Sport Parents Make This Mistake And It’s Dangerous.
This is not a click-bait title, this post is about stopping this mistake that can literally save your young athlete! But, parents make this mistake all of the time.
Albert Jennings was one of the top youth golfers in the entire nation before his 15th birthday. He won 90% of the tournaments he entered between ages 10-15 years old. He not only practiced and played golfer every single day and played in a tournament every three days, but he always wore pants when he golfed. As a kid, he wore pants because was going to be on the PGA Tour.
PGA Tour player and 3x All-American Patrick Rodgers, once asked him “How could [he] get to Albert’s level?”
So, what happens to the prodigy and wunderkind when they start to struggle? It’s the same thing that happens to all good athletes, it depends on the parents.
As parents, what is the precedent that we set after unsuccessful outcomes and poor results?
A precedent is a rule or principle that serves as a guide for future decisions. I never thought it was applicable outside of the law and especially to sport parents. Oh my, how I was wrong.
Parents make this mistake of setting a poor precedent after every important game.
- Do we as parents start drilling them on the way home?
- Is our role to point out everything they did incorrectly and how they can “get better?”
- Is comparing them to others a common theme for us?
- Is the precedent we set immediately calling their coach?
- Do we hit up another practice session right away?
- Do we yell or pile on about how they aren’t “trying?”
On a long enough timeline, when do we as parents start to internally panic after enough mediocre results and feel helpless to just fix it for them?
How parents behave and communicate after an event is the precedent that is set. Parents make this mistake by setting bad examples.
When Albert Jennings started to struggle and not meet the super high expectations, the precedent took over, which was “what’s the matter with the swing?” Something is WRONG and we must FIX it! After every single unsuccessful event, it became what’s the matter?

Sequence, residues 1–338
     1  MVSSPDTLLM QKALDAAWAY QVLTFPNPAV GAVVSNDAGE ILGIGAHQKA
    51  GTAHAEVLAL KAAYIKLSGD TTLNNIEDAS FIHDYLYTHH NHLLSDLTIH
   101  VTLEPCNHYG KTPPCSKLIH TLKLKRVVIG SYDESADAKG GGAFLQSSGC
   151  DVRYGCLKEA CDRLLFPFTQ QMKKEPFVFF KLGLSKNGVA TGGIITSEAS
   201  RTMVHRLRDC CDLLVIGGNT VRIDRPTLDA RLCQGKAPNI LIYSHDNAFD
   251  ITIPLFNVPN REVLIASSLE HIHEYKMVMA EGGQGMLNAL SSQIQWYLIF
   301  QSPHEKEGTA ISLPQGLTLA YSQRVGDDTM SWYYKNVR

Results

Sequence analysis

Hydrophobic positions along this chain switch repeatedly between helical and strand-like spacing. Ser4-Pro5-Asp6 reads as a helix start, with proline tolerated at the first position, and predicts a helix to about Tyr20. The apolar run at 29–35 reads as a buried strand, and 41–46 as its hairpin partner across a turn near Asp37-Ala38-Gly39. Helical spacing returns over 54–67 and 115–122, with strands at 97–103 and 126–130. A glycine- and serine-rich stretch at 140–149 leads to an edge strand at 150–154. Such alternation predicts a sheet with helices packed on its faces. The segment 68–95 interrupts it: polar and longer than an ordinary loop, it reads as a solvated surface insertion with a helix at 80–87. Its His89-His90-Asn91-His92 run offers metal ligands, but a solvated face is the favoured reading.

Listen to my guest episode on Parenting Peak Performers Podcast.
Focusing only on the problem and trying to figure it out for them begins a vicious negative cycle. What happens is that The athlete starts to search instead of practice. Very quickly the bottom can drop out because they get away from sound fundamentals. Their confidence which is already fragile now becomes an issue and once athletes lose confidence, it’s difficult to get it back.
Athlete’s that had success early, yet later on struggle, face a difficult path. They often start to question their own athletic identity of “I win.” More importance is then placed upon results and outcome to regain their identity of “this is who I am.”! Now, they feel like they are on an island by themselves and if they are unluckyenough to be told “it’s all in your head,” then they are shot into the abyss.
If we stare at the abyss long enough, the abyss stares back at us!
When we set a poor precedent as parents, we are inserting ourselves into the mix of how to fix what went wrong and soon, the young athlete looks for you to solve it for them! We do not build capacity that way, all it does is build dependency. We don’t know what we don’t know, but sadly parents make this mistake of setting the wrong precedent and it can be one of the most detrimental actions toward development.
We all want the best for our own kids, but isn’t it odd that we are the hardest on those who we love the most? We are hardest on them because we also have the highest of expectations for them.
Parents, we NEED to develop a healthy relationship with winning & losing. Setting the correct precedent means simply operating the same after good and bad outcomes! We need to have a game plan before events and think about balance and perspective and keeping the sport pure.
I interviewed Albert and gained so much wisdom from him. His insight is incredible and just know that he’ll be an awesome golf coach!
This article was originally published here.